MADISON, NJ – On Tuesday, March 21st, Dr. James Carter will speak at the Madison Historical Society on the “America’s Entry into WW I”. Carter’s presentation will take place in the Chase Room of the Madison Public Library beginning at 7:15 PM. Light refreshments will be available from 7:00. The presentation is open to the public, and there is no admission charge.
“This will be our first of two presentations in the Society’s 2016 – 2017 program year offered in recognition of the 100th Anniversary of America’s entrance and participation in World War I,” stated society vice president and program chairman Jim Malcolm. In this meeting, the focus will be on “America’s entrance and participation in World War I”. In May, Dr. Perry Leavell, Professor Emeritus in History of Drew University, will speak on “Woodrow Wilson and the Treaty of Versailles”.
On April 2, 1917, President Woodrow Wilson went before Congress asking for a declaration of War against Germany. Apart from an Anglophile element supporting the British, American public opinion had initially gone along with the concept of neutrality. However, the citizenry increasingly came to see the German Empire as the villain after news of atrocities in Belgium in 1914, and the sinking of the passenger liner RMS Lusitania in May 1915. During these years, Wilson made all the key decisions and kept the economy on a peacetime basis, while allowing banks to make large-scale loans to Britain and France. To preclude making any military threat President Wilson made only minimal preparations for war and kept the U.S. Army on its small peacetime basis, despite increasing demands for preparedness. However, he did enlarge the U.S. Navy.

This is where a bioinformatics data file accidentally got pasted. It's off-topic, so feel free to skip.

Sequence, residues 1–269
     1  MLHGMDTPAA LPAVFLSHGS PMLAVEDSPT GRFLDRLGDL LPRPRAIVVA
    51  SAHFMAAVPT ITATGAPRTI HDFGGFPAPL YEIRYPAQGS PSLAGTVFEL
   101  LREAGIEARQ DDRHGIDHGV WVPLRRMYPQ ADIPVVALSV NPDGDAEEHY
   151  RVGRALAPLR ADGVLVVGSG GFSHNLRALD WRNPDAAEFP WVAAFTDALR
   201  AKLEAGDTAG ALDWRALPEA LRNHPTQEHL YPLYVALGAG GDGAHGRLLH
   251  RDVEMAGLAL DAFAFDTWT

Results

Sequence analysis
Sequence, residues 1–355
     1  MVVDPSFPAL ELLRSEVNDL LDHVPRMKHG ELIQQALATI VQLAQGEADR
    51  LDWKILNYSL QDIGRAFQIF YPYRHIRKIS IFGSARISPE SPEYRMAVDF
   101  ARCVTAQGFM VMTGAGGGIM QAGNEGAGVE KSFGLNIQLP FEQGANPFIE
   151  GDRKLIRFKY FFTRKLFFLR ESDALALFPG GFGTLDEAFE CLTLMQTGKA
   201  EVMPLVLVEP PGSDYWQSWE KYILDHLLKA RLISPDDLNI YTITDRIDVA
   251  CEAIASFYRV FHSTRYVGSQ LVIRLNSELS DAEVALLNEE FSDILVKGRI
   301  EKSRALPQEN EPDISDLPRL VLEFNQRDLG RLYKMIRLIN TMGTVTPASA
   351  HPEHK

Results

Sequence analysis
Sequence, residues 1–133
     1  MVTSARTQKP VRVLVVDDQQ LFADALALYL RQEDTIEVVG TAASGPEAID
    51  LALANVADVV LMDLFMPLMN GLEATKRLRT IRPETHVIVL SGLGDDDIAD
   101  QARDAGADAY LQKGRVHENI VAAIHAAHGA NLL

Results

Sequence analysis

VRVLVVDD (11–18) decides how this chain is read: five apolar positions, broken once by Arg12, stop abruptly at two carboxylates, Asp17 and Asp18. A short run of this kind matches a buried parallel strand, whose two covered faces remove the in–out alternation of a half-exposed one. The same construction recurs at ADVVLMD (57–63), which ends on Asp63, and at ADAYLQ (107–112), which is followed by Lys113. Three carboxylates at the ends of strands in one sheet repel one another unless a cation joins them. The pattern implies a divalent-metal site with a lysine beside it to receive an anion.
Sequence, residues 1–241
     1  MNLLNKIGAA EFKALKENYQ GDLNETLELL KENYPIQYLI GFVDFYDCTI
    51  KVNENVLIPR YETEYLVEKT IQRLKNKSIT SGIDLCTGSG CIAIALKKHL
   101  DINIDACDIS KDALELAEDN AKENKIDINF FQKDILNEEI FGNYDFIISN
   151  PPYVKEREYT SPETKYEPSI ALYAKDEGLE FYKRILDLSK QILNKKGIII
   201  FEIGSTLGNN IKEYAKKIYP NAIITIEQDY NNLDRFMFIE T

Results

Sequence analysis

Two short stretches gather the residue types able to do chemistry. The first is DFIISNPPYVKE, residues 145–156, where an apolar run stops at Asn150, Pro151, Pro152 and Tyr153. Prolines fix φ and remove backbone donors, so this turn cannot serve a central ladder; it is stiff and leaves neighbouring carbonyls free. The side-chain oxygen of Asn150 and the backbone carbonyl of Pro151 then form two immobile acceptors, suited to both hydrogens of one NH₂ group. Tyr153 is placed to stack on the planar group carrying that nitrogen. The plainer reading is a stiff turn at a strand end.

Like the rest of the country, the citizens of Madison also did not appear to have any great interest in America getting militarily involved in the conflict during the first two years of the war. Within the borough the more important “national” issue seemed to focus on women’s suffrage. In early 1917, as America moved closer to war, so too did the Borough of Madison. During the first week in March, plans were put in motion for the creation of The Madison Home Defense League in order to muster resources, “...whether it be in peace or war”.
Dr. James M. Carter is Department Chair of History at Drew University. He specializes in American foreign relations, the Vietnam War, the United States and East Asia, the Cold War, modernization theory, political economy, and nation building. Carter’s book, “Inventing Vietnam: The United States and State Building, 1954-1968”, was published by Cambridge University Press in 2008. He has also written articles on war profiteering in Vietnam and Iraq and the US advisory effort in Vietnam, and he has published reviews and essays in The Journal of Military History, Peace & Change, Education About Asia, Itinerario, History News Network, The Asia Times, and the BBC. Currently, Carter is pursuing two research projects. The first focuses on US-China relations during the Boxer Rebellion and the second examines the relationship between the government and private corporations in the realm of foreign policy from World War II through the 1960’s.